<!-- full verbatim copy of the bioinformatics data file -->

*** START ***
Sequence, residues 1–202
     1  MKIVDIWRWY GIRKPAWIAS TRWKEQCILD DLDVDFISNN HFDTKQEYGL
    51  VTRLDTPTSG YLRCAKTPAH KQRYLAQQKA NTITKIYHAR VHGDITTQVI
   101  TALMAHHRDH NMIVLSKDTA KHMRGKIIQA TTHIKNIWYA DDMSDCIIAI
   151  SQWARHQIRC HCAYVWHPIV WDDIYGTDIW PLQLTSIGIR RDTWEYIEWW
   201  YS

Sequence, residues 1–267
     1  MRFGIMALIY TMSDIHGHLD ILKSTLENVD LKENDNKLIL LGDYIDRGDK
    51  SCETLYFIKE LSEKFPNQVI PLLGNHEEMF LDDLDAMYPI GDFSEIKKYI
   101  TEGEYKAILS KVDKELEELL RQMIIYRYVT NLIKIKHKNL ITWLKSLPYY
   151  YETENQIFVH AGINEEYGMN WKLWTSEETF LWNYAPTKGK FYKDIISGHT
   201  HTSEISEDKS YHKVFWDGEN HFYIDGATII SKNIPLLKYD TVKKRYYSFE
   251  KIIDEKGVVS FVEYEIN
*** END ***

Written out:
Sequence, residues 1–202
     1  MKIVDIWRWY GIRKPAWIAS TRWKEQCILD DLDVDFISNN HFDTKQEYGL
    51  VTRLDTPTSG YLRCAKTPAH KQRYLAQQKA NTITKIYHAR VHGDITTQVI
   101  TALMAHHRDH NMIVLSKDTA KHMRGKIIQA TTHIKNIWYA DDMSDCIIAI
   151  SQWARHQIRC HCAYVWHPIV WDDIYGTDIW PLQLTSIGIR RDTWEYIEWW
   201  YS

Sequence, residues 1–267
     1  MRFGIMALIY TMSDIHGHLD ILKSTLENVD LKENDNKLIL LGDYIDRGDK
    51  SCETLYFIKE LSEKFPNQVI PLLGNHEEMF LDDLDAMYPI GDFSEIKKYI
   101  TEGEYKAILS KVDKELEELL RQMIIYRYVT NLIKIKHKNL ITWLKSLPYY
   151  YETENQIFVH AGINEEYGMN WKLWTSEETF LWNYAPTKGK FYKDIISGHT
   201  HTSEISEDKS YHKVFWDGEN HFYIDGATII SKNIPLLKYD TVKKRYYSFE
   251  KIIDEKGVVS FVEYEIN